172 Little Reasons To See This 'Nutcracker'
Around the world this month, ballet companies are enjoying their own version of Black Friday, staging "The Nutcracker." The holiday tradition is the key to financial stability for any company, and here in San Antonio, things are no different.
“It’s a very important production for all of us that are involved," says Ballet San Antonio's Executive Director, Courtney Barker. Her company is producing one of three "Nutcrackers" that you can see in San Antonio this season. What makes this one notable is that it’s the only all-local production—from the cast to the orchestra, and even the live children’s chorus that’s called for by Tchaikovsky in his score.
But beyond the sets, and the music, and the principal dancers, one of the largest and most important aspects of Ballet San Antonio’s Nutcracker is its children’s cast. All 172 of them! For Children’s Cast Director Sally Simmons, it’s a bit like herding cats. "It’s quite a task!" says Simmons, with a good-natured smile. "It takes a team, or an army, to rehearse them every single Saturday."
From September onward, Saturdays have been pretty much the only time Simmons gets together with the kids, until the week of the performance. "Trying to accommodate that many children in five hours is a task. But we run it pretty smoothly, and efficiently," she states. "I have to stay on track constantly. And if you listen to me, I’m constantly telling them ‘we have to go, we have to go,' there’s no break time at all."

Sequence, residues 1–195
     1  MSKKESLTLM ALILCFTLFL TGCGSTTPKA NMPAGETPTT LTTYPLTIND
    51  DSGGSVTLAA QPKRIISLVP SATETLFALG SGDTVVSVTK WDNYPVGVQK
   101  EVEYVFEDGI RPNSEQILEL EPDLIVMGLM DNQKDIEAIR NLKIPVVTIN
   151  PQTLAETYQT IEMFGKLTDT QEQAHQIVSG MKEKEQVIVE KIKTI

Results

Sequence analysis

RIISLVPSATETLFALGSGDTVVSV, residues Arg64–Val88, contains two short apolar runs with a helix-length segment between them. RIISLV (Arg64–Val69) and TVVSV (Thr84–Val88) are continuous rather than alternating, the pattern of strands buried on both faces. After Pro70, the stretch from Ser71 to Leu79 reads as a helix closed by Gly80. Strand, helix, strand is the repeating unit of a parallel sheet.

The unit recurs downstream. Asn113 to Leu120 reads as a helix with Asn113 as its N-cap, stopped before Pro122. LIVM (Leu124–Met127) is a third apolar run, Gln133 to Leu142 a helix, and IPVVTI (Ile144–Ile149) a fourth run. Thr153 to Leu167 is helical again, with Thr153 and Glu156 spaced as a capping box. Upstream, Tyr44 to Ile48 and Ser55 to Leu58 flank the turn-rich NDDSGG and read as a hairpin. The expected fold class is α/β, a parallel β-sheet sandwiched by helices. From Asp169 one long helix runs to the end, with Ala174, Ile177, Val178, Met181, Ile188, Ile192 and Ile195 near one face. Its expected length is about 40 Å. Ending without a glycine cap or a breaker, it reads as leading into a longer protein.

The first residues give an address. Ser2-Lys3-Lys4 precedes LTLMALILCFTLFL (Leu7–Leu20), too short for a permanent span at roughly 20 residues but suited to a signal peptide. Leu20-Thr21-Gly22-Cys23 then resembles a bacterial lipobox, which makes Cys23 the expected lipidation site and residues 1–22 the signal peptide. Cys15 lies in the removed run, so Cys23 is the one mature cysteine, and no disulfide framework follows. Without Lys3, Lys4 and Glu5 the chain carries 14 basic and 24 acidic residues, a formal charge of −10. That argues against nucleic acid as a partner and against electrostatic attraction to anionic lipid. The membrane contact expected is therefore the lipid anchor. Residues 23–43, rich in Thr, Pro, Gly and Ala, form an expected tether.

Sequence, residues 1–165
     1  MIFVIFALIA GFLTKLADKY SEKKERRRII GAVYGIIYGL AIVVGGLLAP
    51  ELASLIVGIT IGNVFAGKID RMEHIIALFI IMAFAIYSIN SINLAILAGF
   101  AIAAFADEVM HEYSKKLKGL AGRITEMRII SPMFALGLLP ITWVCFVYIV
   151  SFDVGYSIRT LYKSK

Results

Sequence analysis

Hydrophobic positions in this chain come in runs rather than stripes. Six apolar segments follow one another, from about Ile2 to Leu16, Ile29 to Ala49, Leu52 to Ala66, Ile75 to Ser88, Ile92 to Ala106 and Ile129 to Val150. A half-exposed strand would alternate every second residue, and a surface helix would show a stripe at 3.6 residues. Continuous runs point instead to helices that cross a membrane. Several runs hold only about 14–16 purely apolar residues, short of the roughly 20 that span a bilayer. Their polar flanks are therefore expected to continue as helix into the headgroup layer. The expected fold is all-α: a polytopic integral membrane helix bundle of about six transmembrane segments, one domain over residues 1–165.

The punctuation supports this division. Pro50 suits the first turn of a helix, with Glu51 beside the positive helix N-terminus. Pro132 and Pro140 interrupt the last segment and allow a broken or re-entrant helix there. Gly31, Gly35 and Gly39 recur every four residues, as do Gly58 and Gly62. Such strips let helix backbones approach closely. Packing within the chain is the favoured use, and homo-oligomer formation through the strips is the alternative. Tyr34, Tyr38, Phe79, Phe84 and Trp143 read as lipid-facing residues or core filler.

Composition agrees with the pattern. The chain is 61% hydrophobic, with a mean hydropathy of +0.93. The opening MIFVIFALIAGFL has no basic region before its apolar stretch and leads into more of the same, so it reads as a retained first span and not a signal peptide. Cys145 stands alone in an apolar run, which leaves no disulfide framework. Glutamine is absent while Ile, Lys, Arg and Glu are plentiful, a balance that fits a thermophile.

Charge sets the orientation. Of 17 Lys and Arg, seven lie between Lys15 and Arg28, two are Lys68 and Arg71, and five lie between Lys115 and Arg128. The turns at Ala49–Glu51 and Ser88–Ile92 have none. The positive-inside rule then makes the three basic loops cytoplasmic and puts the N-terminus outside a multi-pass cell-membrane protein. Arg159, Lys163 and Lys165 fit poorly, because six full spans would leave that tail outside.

Part of Simmons’ task is to teach the little mice, angels, tumblers and soldiers their steps. But another aspect of her job is to explain theater etiquette to her charges, from what to expect, to backstage rules. "I’m incorporating that every day in my rehearsals. It’s a challenge, but I love what I do."
Growing the children’s cast has been one of Courtney Barker’s goals. It’s a stroke of genius, really, because as she explains it, when more kids are involved, "We’re bringing more families that support the ballet company, and that’s what we need in this city.” True.
For Simmons, the process of training the children’s cast began in August, but now that performance week is here, it will all go by in a flash.
"It’s a sad day when it’s over, because you’re anticipating these long two weeks in the theater, [wondering] how we’re going to do it; and then it becomes exciting. And then all of a sudden it’s the last performance, and it’s sad to see the children go, [as well as] the parents and the volunteers who have helped us with the production," Simmons says.
And then Simmons perks up again. "But in January, we start talking about the next season, and the next 'Nutcracker.'" And the seasonal cycle of dance and music begins again.
Ballet San Antonio’s production of Tchaikovsky's "The Nutcracker" opens at its new home, the Tobin Center for the Performing Arts, the day after Thanksgiving. Details and tickets are online at balletsanantonio.org, and TobinCenter.org.